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Turkish government seeks leap forward with Kurdish solution bid

Turkish government seeks leap forward with Kurdish solution bid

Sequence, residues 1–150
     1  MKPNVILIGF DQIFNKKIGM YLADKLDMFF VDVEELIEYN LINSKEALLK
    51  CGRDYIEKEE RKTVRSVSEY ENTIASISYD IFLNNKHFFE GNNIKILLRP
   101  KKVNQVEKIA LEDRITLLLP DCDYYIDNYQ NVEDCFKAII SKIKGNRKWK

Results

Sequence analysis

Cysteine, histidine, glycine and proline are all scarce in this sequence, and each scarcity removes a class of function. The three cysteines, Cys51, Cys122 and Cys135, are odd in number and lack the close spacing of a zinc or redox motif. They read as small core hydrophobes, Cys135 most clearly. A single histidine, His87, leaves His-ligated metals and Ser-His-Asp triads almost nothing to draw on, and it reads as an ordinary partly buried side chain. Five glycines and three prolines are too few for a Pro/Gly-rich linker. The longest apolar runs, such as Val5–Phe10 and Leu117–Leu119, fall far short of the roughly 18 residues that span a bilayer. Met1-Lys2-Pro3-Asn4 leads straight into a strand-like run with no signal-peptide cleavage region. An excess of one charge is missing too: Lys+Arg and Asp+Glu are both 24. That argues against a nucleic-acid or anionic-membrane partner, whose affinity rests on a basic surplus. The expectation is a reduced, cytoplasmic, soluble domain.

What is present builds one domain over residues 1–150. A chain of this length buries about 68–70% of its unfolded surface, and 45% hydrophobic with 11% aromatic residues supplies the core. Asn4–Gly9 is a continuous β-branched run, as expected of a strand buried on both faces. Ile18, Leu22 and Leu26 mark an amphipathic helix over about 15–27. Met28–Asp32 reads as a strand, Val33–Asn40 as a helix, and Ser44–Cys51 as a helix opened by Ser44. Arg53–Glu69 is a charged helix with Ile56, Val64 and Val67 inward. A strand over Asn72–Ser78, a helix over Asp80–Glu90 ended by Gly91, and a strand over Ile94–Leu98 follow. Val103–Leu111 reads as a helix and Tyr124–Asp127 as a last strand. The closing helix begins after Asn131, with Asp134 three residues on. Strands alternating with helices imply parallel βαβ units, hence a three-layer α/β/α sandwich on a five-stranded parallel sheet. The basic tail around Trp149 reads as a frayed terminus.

A solution to the Kurdish issue will help Turkey boost its democracy, national income and technology, which in turn will help the whole region and its people realize their potential, Industry Minister Nihat Ergun has said. "This is one of the issues that will help Turkey boom. The basis for many people in the county to realize their true potential, along with political stability, is a real peace, a safe environment and an advanced genuine democracy," he told the Hurriyet Daily News in an interview yesterday. "Turkey could see a leap in democracy, income and technology," he said. "This is why the solution to this issue is so important." Figures from the southeastern province of Diyarbakir support the minister’s statements. The applications for investments in Diyarbakir, which has a mostly Kurdish population, jumped tenfold in the first three months of the year, a period that coincided with intensified political efforts to solve the Kurdish issue, reaching a volume that promises $1 billion. This is only the beginning, as the process is still ongoing, but some businesspeople have already seen the potential and believe that there is no turning back from the current stage of talks, Ergun said. "Think about a youngster who headed to the mountains [to join the outlawed militants]," the minister said. "He has the potential to become a scientist, an academic or a businessman." In the past 10 years, Turkey has improved its national income from a less-developed level, as both production and exports saw a shift from low technologies to medium technologies in the meantime, the minister said. Democracy in the country also developed from a poor to medium level, he added, noting that these three issues were closely linked. The country’s projection for the upcoming decade is to improve in these three areas to an advanced level, Ergun said. As the solution to the Kurdish issue may help the country raise its democratic standards, a shift in the nature of production to a higher technology would help Turkey reach its economic goals, he said. A comparison with the European powerhouse Germany offers insight in the matter. A kilogram of Turkish exports generate $1.5 on average while the figure for Germany stands somewhere between $7 and $8, Ergun said. "The volume of goods that Germany sells does not amount to half size of that of Turkey in weight," he said. "But it is four or five times more valuable." Steps forward in satellite technologies are one prominent example, he said. The satellite developed by Turkey and launched by China in December last year weighs only 400 kilograms, but is worth 200 million Turkish Liras, he said. Turkey is working on developing its own launching system for both domestic satellites and ones from abroad as it is also trying to broaden the properties and make specialized equipment for agriculture for example. A group of Turkish architects are working in Japan with local engineers, he said. Increasing the ratio of research and development spending relative to the national income is a crucial goal, according to Ergun. This ratio stood at a little less than 0.5 percent 10 years ago, when the national income was around $230 billion, he said. Today, the figure stands at around 1 percent as the national income has risen to nearly $800 billion. The 10-year goal is to push it to 3 percent, which is around the European average. Improving the share of the private sector in the share of research and development is another goal. Research and development spending by private firms stands at around one-third of the sum spent by the government on the rest, Ergun said. "We want to [improve] this by 2023."
 

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